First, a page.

Size-Dependent Mixing Characteristics of Volatile and Nonvolatile Components in Diesel Exhaust Aerosols

Hiromu Sakurai, Kihong Park, Peter H McMurry, Darrick D Zarling, David B Kittelson, Paul J. Ziemann

Research output: Contribution to journalArticlepeer-review

147 Scopus citations


Mixing characteristics of particles of different volatilities from a diesel engine were studied with two tandem differential mobility analyzers (TDMAs) and an aerosol particle mass analyzer (APM). In both TDMA systems, a heater was located in the aerosol path between the first and second DMAs. Diesel exhaust particles that were size-selected in the first DMA were passed through the heater, and the change in particle size due to loss of volatile components was determined by the second DMA. On the basis of the volatility measurements, the particles could be separated into two overlapping modes that varied in peak diameter and magnitude depending on the engine operating conditions. Particles in the smaller size mode were almost completely volatile, while those in the larger size mode contained a nonvolatile core. The TDMA data inversion technique used here allowed accurate determination of the mixing ratios of the two types of particles. These data were in turn used to validate a simple fitting method that uses two log-normal curves to obtain the mixing ratios. In some experiments, the APM was used downstream of a TDMA to directly measure the particle mass loss due to evaporation. The loss determined by the TDMA-APM system was significantly greater than that calculated from mobility size changes measured solely with the TDMA. The TDMA-APM results were used to calculate the size-dependent mass concentrations of volatile and nonvolatile components for particles in the size range from 70 to 200 nm.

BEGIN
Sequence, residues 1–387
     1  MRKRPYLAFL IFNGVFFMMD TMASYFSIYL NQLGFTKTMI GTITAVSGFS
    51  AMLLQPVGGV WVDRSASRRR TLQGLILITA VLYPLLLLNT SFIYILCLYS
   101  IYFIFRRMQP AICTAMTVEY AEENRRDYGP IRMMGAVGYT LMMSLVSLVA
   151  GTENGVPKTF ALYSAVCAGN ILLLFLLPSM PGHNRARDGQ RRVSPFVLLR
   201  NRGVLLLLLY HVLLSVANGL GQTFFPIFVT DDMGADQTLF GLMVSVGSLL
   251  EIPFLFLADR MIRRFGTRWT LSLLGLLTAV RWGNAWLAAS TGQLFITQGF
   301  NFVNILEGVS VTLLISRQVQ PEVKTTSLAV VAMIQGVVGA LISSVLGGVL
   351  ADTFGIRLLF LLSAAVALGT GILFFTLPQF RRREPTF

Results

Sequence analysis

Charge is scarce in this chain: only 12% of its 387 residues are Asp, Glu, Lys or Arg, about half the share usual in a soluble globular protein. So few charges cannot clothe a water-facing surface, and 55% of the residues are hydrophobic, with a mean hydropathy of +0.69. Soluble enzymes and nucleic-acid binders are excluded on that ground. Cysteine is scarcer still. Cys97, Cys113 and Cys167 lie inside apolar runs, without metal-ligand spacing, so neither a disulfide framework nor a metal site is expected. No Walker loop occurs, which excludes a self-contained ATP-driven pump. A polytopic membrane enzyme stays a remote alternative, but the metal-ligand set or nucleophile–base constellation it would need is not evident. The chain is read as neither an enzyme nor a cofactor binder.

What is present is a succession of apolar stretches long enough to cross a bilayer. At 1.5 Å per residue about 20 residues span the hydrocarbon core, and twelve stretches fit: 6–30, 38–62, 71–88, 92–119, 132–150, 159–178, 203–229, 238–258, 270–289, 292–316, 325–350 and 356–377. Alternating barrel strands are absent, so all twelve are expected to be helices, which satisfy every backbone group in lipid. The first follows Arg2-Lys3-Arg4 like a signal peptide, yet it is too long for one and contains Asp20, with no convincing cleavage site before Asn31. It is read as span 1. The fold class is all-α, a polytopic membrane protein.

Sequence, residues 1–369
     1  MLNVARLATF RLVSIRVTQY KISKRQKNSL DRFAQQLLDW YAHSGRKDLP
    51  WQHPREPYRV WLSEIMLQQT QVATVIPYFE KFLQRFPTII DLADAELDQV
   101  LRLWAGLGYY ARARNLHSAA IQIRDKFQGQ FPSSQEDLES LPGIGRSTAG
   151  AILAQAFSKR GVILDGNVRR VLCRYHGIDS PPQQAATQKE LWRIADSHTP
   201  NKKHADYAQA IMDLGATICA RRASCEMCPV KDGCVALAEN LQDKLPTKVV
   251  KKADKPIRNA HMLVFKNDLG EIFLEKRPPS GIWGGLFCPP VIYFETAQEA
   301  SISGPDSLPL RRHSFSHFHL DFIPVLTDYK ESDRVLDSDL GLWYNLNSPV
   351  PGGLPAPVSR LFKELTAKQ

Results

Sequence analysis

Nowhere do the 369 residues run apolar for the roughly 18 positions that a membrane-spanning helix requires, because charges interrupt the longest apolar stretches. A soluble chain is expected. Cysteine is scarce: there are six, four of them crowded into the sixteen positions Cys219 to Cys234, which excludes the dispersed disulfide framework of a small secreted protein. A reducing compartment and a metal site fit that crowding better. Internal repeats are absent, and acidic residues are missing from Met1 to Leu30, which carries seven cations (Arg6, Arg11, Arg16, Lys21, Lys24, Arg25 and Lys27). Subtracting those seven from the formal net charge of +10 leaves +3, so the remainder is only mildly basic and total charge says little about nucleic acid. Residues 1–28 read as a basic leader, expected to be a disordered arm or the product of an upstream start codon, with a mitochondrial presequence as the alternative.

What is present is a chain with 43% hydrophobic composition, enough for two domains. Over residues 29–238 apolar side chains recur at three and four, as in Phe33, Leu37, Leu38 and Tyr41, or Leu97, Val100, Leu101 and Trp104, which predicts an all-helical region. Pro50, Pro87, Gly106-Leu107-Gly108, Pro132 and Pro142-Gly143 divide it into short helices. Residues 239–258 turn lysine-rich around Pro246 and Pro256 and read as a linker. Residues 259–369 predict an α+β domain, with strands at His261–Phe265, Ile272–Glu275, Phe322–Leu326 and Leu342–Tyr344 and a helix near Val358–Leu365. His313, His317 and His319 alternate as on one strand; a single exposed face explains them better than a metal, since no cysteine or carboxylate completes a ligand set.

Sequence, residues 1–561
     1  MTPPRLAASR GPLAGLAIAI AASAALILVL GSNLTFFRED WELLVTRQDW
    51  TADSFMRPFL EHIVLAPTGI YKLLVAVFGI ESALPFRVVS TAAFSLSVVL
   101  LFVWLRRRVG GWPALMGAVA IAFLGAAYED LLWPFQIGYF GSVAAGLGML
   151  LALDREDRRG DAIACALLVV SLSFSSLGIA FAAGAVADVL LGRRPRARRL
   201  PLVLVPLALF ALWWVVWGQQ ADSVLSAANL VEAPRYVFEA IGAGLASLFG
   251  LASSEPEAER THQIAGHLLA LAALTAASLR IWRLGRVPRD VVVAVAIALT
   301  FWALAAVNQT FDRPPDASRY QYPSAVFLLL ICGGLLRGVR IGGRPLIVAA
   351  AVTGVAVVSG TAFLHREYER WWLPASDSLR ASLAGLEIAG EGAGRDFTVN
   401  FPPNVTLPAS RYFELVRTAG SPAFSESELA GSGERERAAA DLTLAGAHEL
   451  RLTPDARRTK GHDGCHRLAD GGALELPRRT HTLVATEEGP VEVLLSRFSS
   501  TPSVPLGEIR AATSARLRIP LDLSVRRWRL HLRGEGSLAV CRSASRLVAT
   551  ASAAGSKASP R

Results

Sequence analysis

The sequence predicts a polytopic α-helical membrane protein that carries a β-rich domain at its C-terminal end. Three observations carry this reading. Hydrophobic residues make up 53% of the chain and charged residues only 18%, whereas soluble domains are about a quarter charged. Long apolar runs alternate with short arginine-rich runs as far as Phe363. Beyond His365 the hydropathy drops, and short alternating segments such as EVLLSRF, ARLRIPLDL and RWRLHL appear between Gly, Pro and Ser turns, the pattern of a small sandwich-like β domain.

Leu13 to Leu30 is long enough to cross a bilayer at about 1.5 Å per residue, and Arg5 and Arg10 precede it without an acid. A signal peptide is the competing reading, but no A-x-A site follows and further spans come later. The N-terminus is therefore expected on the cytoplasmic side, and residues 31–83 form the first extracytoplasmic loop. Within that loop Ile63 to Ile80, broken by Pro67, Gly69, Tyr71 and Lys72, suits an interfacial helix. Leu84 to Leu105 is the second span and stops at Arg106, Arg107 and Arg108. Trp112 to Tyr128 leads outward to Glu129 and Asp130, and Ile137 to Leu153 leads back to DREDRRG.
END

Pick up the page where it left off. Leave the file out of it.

Original languageEnglish (US)
Pages (from-to)5487-5495
Number of pages9
JournalEnvironmental Science and Technology
Issue number24
StatePublished - Dec 15 2003

Fingerprint Dive into the research topics of 'Size-Dependent Mixing Characteristics of Volatile and Nonvolatile Components in Diesel Exhaust Aerosols'. Together they form a unique fingerprint.

Cite this